Hedge Apples, Spiders, and Mice

From out in the southwest, in the drainage area of the Red River in Oklahoma, Texas and Arkansas, came a deciduous tree known as the Osage Orange (Maclura pomifera), often called the Hedge Tree. It was prized for its wood by the Osage Nation of Native Americans, as well as the Cherokee—producing the finest hunting bows available (the only challenger might be the English yew). Indeed, 200 years ago it was said that an osage bow was worth more than a horse and blanket.

As the hedge tree naturalized in the United States, it became prized by Midwest farmers and ranchers. With its sharp thorns, it was planted to make living fences, called hedgerows, before the introduction of barbed wire, and because of its resistance to insects and moisture—better than today's treated wood—it was prized for fence posts. It also found its way into tool handles and furniture, and was a primary tree in Franklin Delano Roosevelt's WPA project called the "Great Plains Shelterbelt," where 220 million trees were planted, stretching for 18,600 miles. And there are a lot of old farmers around our area who remember as kids being sent out of the farmhouse during the winter months, getting combat pay to prune the lower branches of the hedge trees serving as wind breaks or living fences on the field edges of their family farms.

Osage Orange is an unusual tree with thick and strong roots covered with bright orange bark. It is said by bulldozer operators that it's harder to knock down an osage than an oak. Out in Texas the trees may grow to 30 feet, but here in Illinois the older ones seem closer to 60 feet. The wood is hard and it sure is tough on chainsaws. When dry, it burns hot, with more BTUs than any commonly available wood in North America. The trees are tough and long lived. There is an Osage Orange tree at a farm in Alexandria, Virginia that is thought to have been a gift from Thomas Jefferson.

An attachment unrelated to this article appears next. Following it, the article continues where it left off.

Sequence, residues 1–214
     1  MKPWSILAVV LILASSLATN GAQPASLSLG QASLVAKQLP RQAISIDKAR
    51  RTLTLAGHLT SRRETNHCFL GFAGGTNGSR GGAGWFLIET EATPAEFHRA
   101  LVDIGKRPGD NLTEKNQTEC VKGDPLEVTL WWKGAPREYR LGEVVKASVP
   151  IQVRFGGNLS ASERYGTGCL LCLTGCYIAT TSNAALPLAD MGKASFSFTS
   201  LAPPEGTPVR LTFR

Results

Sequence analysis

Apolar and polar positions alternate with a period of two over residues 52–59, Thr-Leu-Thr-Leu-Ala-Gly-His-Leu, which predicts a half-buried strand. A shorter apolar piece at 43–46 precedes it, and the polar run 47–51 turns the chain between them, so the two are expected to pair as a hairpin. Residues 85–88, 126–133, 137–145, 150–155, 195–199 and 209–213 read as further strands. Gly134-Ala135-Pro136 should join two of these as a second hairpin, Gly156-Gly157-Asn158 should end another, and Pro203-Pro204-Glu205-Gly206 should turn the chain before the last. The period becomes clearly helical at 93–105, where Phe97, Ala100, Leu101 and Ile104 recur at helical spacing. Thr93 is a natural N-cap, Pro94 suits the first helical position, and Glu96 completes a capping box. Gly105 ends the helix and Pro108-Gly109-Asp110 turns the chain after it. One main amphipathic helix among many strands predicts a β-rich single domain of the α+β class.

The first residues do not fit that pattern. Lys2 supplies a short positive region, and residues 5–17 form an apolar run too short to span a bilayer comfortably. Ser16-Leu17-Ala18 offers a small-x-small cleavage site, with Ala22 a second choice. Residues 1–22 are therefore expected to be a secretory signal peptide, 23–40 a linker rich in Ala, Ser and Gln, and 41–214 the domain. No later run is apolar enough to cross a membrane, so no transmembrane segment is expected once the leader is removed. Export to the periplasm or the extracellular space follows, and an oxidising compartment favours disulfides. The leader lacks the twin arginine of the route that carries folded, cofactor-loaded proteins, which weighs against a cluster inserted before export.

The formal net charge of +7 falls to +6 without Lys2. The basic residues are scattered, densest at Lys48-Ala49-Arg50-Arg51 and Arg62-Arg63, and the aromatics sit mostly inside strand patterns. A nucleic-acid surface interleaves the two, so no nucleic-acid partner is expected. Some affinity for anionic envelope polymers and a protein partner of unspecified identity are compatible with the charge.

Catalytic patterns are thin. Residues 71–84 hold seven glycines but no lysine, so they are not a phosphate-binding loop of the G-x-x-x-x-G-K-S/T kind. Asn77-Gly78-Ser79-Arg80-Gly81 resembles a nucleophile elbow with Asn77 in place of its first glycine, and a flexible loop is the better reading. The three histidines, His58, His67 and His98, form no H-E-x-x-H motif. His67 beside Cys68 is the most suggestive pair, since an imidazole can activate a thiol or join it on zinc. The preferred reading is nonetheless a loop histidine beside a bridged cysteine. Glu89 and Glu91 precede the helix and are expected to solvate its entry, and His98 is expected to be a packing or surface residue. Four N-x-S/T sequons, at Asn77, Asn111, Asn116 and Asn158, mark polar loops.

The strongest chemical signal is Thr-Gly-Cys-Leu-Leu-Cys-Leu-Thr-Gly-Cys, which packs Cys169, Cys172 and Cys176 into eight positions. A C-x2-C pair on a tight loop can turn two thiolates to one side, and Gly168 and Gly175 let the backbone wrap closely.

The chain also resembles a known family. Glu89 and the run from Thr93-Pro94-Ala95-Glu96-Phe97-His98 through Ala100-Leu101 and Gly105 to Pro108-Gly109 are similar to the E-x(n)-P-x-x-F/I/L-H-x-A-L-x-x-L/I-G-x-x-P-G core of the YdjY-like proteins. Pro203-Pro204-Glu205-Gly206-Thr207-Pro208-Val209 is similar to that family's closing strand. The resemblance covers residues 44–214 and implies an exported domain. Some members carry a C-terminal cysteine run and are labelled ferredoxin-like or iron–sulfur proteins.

This brings us to hedge apples, which is a common name given to the fruit of the Osage Orange. There are male trees and female trees, but only the females bear fruit. One of the photos with this article shows the female inflorescence. The fruit, like the tree, is unusual; it's a heavy ball, ranging from 3–6 inches in diameter, and it has a tough, wrinkled, or bumpy surface, which turns from dull green in the summer to bright yellow-green in the autumn as the leaves fall. It's full of sticky, acrid white latex or milk (be careful, it just might irritate the skin) along with hundreds of seeds, and it emits an "orange" scent from which the tree derived its name. Squirrels and chipmunks love hedge apples; humans do not, but they're not poisonous. Cattle can choke on them.

What humans have discovered is that lots of insects really don't like the glossy leaves, the branches, or the bark of this tree. And they particularly don't like the fruit—the hedge apples. It turns out that chemicals in the fruit repel spiders and quite a few different insects, and a good number of folks in the country used to place hedge apples under the bed or in the cellar to keep away spiders (but be sure to put the fruit in open plastic bags, because it softens and rots in less than 6 months). In fact, studies have shown that extracts from the fruit repel some insects just as well as DEET.

This brings us then to mice. There apparently are no scientific studies, so it may be just a myth, but there are a good number of farmers that place hedge apples in their combines over the winter to keep mice out of the wiring, and this author has become a believer (or wants to believe) and so we have some around. We also use them in bowls as decorations at Thanksgiving.

Dick Robrock (2007)